You couldn’t make it up. A judge in the UK shortened the sentence of Jamaican drug dealer Vincent Miller, who had previously been deported twice and stole identities to return and evade capture for ten years, to prevent him being deported (again) on the grounds that sending him home would be ‘devastating’ for his three children.
A 12 month sentence would have meant automatic deportation, so judge Farook Ahmed reduced the sentence to 11 months.
Miller arrived in Britain at Christmas in 2000 and was given permission to stay for only four days. He failed to return home and was subsequently arrested and deported in February 2001.
However, he returned at Easter under a stolen identity and lasted two years before being deported again for supplying class A drugs.
From abroad he successfully applied for a new passport in the name of Joseph Roche, who had no idea his identity had been stolen, and this identity theft allowed him to obtain a driving licence and start work as a barber.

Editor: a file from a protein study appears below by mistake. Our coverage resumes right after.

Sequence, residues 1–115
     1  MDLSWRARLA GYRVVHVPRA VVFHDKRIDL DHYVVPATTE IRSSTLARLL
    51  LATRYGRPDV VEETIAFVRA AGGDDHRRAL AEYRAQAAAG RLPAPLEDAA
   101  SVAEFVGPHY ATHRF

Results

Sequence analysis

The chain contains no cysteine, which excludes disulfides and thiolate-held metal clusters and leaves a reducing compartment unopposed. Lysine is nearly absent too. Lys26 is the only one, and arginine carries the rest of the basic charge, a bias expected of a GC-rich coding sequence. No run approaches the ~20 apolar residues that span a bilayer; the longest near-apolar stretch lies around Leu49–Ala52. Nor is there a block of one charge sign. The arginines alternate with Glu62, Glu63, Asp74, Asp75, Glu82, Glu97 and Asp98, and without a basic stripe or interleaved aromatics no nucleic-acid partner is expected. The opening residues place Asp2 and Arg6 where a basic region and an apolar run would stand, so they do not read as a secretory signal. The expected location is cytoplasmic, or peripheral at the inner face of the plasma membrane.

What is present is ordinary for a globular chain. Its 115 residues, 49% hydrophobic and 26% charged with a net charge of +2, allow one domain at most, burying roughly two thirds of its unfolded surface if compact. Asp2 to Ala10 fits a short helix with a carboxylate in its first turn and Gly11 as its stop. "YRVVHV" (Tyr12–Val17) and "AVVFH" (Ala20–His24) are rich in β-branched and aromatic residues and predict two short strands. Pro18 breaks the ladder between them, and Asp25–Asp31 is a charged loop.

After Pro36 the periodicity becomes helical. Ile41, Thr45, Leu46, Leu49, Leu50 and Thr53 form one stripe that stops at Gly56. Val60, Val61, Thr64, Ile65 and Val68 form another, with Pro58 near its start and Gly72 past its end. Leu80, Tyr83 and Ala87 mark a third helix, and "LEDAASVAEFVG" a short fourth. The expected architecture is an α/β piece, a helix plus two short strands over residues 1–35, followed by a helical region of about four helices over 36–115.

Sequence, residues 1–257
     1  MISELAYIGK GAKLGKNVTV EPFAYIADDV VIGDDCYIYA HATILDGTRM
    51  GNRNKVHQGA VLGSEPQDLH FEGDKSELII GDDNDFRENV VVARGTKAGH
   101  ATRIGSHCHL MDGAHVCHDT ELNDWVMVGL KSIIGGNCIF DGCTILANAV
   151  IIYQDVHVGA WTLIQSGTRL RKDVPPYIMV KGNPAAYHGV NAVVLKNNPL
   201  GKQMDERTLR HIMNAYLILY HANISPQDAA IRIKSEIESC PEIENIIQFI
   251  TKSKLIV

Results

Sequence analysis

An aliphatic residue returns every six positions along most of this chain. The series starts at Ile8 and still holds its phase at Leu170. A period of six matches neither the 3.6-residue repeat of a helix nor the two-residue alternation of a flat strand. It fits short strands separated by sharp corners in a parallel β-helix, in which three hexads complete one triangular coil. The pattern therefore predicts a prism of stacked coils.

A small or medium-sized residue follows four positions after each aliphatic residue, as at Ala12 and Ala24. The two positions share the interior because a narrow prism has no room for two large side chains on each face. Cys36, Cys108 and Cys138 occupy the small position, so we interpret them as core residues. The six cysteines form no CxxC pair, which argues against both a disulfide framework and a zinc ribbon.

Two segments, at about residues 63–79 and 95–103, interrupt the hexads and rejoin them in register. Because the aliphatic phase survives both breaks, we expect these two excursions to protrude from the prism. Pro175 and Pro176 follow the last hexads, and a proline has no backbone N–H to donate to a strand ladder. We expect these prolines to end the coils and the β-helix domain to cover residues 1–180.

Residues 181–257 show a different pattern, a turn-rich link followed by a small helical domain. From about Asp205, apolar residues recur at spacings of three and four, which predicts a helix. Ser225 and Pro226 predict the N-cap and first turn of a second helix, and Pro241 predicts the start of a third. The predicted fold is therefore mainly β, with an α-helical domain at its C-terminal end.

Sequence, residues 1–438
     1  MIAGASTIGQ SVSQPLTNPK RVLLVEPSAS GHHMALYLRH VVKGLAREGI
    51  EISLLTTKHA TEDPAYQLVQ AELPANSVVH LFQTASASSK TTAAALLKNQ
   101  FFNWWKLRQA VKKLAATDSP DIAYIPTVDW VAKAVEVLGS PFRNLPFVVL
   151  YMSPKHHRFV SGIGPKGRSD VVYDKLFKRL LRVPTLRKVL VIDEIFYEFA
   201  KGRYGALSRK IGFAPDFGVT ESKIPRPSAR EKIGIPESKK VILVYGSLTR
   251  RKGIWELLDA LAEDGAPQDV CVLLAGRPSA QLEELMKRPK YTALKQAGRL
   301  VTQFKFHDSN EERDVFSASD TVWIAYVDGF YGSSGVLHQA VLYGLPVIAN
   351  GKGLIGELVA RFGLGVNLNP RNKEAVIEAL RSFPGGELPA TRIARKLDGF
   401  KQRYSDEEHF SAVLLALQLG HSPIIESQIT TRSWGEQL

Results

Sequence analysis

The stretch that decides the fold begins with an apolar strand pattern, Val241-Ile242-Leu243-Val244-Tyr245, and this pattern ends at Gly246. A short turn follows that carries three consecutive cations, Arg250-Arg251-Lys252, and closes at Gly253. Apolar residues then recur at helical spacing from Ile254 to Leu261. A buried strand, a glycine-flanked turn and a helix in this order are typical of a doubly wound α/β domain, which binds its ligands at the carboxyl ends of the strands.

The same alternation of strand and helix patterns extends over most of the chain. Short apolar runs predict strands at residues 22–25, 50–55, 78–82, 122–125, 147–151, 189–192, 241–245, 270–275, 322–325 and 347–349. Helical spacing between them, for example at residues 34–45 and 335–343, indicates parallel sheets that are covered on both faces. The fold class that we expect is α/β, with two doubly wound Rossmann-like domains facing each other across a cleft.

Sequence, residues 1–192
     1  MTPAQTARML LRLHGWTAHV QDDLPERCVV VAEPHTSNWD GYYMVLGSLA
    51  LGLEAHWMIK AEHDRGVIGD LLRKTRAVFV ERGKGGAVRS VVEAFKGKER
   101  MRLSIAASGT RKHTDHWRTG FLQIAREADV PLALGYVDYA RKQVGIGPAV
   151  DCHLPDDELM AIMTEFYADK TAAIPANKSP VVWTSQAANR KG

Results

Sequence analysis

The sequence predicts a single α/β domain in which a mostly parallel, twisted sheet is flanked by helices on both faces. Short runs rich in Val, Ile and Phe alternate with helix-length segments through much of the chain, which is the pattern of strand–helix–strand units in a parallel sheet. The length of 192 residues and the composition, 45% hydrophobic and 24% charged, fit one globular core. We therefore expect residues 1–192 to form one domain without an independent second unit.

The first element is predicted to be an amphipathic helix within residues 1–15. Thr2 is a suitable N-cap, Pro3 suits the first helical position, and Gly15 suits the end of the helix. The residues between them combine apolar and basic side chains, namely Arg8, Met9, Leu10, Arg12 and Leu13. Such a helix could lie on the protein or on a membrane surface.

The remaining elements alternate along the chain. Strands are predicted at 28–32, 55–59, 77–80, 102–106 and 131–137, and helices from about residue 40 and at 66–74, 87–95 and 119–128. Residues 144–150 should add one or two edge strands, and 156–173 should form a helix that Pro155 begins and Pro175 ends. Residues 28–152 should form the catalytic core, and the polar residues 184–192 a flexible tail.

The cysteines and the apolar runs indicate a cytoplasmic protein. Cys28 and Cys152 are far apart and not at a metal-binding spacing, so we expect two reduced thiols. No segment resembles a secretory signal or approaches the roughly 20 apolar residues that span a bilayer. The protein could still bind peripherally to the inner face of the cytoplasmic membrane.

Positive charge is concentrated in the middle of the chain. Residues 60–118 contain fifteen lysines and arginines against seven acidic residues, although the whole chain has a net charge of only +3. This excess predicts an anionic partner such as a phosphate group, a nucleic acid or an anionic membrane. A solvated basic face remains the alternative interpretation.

As a result of his fraud, his wife and their three children, aged two, four and six, were able to claim UK citizenship.
An argument put forward is that the family, and children, are legally resident in the UK and his deportation would be ‘devastating’ for the children. However, if the citizenship of his family was obtained as the result of a crime, namely stealing someone else’s identity, then surely the better, or more logical option would be to deport the entire family.
He could then continue to deal his drugs in his home country, if he so desired, with his family around him.
And isn’t the judge in question actually perverting the course of justice by his actions, tailoring sentences to circumvent the law?
This is not, of course, the first case where criminals have been allowed to stay in the country based upon ‘family’ considerations, in some cases the ‘family’ not being a wife or children but a ‘girlfriend’.
The question is, if the criminal (obviously) has no consideration for his ‘family’ when engaging in illegal activity, why should the Court have any consideration when pronouncing sentence?